Water has several uses in a honey bee hive. During certain times of the year foragers find a source of water, fill their crops, and ferry it home. The number of bees foraging for water depends on the needs of the colony. If the in-hive workers accept the water quickly from the foragers, the foraging bees sense that the need is still high, and they will go back for another load. If the in-hive workers are slow about “unloading” the water, the foragers sense that the need for water has lessened and fewer bees will return for more.
Bees find water in a number of places including damp rocks, branches, muddy puddles, pond edges, and drops adhering to vegetation. They swallow the water and store it in their crops before flying home. The water is transferred to the waiting in-hive workers through the process of trophallaxis—the direct transfer from one bee to another.
Bees rarely store water, but bring it in as needed. In the heat of summer it is used for evaporative cooling. The water is spread in a thin film atop sealed brood or on the rims of cells containing larvae and eggs. The in-hive workers then fan vigorously, setting up air currents which evaporate the water and cool the interior of the hive. The process is similar to the human-designed air conditioner.
Nurse bees, who feed the developing larvae, also have a high demand for water. The nurses consume large amounts of pollen, nectar, and water so that their hypopharyngeal glands can produce the jelly that is used to feed the larvae, and to a lesser extent, other bees in the hive.
A third use for water occurs in the winter. Stored honey—especially honey high in glucose—tends to crystallize as it dries. Bees need water to dilute the crystals back into liquid before they can eat it. The same occurs if a beekeeper feeds crystalline sugar to bees as a winter supplement: the bees need to dissolve the crystals before they can eat the sugar.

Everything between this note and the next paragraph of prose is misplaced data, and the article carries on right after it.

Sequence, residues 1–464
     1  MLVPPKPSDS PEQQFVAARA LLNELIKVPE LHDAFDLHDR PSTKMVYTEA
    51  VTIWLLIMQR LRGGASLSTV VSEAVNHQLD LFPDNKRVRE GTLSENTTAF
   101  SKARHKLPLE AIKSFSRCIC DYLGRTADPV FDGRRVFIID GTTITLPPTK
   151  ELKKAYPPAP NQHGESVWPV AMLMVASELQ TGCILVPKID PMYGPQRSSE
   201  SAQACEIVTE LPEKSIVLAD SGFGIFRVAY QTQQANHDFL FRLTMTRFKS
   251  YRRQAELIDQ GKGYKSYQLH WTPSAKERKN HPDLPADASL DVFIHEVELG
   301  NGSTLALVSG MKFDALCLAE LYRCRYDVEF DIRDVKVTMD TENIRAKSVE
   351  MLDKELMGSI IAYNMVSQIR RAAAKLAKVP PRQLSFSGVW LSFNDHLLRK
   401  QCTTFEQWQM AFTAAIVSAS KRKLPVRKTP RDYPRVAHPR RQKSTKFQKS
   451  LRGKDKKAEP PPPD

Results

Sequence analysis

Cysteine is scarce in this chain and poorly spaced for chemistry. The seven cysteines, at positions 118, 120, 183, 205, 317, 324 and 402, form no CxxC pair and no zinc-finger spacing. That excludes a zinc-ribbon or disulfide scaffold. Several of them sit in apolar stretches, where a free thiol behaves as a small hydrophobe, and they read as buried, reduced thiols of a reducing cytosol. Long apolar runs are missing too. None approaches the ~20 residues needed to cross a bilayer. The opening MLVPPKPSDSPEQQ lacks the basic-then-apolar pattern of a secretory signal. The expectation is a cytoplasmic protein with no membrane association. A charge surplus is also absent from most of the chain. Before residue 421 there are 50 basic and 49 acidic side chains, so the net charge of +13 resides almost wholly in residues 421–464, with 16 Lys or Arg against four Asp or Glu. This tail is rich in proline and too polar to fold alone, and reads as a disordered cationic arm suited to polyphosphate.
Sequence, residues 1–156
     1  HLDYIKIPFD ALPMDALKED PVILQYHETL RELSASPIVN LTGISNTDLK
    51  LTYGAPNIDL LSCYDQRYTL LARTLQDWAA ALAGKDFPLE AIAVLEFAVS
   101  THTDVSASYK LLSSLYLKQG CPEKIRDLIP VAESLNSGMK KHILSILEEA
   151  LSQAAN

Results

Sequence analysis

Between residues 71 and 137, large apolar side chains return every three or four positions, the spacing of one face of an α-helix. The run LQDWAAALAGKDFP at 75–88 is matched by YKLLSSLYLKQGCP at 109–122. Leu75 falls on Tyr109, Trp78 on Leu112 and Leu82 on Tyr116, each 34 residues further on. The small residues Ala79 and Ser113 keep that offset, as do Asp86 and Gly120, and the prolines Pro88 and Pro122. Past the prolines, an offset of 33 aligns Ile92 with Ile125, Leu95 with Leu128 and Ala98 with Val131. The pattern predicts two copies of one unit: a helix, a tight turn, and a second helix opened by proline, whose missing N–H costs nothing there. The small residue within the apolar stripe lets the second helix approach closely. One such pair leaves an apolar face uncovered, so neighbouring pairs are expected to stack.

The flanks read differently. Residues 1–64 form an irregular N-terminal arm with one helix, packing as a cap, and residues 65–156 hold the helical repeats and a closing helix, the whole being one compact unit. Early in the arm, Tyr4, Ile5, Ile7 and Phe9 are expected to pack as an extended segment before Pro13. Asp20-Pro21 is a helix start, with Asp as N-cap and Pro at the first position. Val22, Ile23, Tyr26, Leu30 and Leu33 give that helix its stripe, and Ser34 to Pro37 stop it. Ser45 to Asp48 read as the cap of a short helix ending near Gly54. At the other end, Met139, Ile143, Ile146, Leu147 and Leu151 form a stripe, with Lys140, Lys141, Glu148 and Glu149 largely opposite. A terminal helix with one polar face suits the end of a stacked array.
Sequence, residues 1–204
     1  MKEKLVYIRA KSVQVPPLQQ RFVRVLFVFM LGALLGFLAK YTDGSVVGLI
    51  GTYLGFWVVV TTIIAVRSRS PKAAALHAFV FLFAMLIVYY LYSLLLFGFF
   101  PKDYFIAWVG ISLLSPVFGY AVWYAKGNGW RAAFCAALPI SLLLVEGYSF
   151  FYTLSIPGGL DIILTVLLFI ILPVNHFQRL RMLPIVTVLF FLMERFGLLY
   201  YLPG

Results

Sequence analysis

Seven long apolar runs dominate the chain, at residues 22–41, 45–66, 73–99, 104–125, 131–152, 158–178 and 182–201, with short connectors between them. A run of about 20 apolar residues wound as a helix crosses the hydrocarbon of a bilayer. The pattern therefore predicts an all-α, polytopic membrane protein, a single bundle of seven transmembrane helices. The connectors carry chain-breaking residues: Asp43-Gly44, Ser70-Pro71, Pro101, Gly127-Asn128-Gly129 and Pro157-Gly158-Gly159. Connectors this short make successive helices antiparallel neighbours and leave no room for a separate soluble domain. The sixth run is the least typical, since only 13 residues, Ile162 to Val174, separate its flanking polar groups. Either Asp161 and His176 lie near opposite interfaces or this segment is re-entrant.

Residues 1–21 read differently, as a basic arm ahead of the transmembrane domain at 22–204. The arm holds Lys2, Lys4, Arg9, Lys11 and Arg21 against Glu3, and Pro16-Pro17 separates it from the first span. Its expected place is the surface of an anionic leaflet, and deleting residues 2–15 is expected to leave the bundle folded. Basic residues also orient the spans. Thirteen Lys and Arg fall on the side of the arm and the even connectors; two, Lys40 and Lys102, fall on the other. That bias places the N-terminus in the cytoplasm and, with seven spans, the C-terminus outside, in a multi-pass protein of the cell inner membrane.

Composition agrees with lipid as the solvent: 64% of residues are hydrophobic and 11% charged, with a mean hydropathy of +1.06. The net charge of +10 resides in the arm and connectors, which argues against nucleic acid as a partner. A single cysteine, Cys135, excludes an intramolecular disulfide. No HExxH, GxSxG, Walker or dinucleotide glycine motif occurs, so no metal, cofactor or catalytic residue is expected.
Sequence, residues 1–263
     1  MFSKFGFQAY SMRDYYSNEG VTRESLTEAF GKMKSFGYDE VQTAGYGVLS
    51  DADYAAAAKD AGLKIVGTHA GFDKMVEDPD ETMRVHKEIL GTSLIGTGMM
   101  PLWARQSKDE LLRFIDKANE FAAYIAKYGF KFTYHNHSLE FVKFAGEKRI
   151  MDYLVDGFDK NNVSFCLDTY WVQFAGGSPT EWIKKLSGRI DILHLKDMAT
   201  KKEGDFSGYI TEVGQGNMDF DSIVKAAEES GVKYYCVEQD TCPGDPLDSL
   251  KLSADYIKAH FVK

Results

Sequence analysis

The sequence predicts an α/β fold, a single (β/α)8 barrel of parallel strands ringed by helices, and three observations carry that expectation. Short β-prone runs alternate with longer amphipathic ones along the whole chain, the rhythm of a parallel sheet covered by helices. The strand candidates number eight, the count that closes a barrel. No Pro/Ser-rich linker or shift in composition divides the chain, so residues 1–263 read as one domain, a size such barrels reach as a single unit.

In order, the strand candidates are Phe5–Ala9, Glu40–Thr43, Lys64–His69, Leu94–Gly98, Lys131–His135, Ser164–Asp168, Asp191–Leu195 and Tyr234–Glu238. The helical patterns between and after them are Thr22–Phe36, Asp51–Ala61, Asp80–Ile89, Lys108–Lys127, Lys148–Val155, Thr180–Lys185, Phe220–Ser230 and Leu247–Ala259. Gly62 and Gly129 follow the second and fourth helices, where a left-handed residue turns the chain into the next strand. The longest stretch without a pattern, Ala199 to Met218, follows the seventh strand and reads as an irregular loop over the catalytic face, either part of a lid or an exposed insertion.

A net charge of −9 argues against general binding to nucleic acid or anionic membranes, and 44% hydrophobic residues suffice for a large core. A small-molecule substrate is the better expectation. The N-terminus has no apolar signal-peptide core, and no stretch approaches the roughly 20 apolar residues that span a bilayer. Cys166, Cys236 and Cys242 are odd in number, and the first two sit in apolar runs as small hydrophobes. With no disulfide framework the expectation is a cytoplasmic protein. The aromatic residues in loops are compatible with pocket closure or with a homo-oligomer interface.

Urban beekeepers face a problem when their bees select the neighbors’ swimming pools, bird baths, or hummingbird feeders as a water source. Although this occasionally happens, the bees’ need for additional water is less during nectar flows because the nectar contains a high percentage of water. Urban beekeepers can provide a source of water if they wish. Bees seem to prefer water that has some growth in it—such as green slime—rather than perfectly clean water. Some scientists speculate that the reason is simply that the bees can smell it and recognize it as a water source. Chlorinated pools were scarce during the last 80 million years, so bees didn’t evolve to recognize the odor.
Another problem with water collection occurs in agricultural areas where plants are treated with systemic insecticides. Bees collecting water from guttation drops—drops of water that naturally seep from the tips of stems and leaves—can be poisoned. Worse, sublethal doses of pesticide can be carried back to the hive and fed to the developing larvae by way of the nurses. Researchers are currently trying to determine the type and frequency of damage this may cause to honey bee colonies.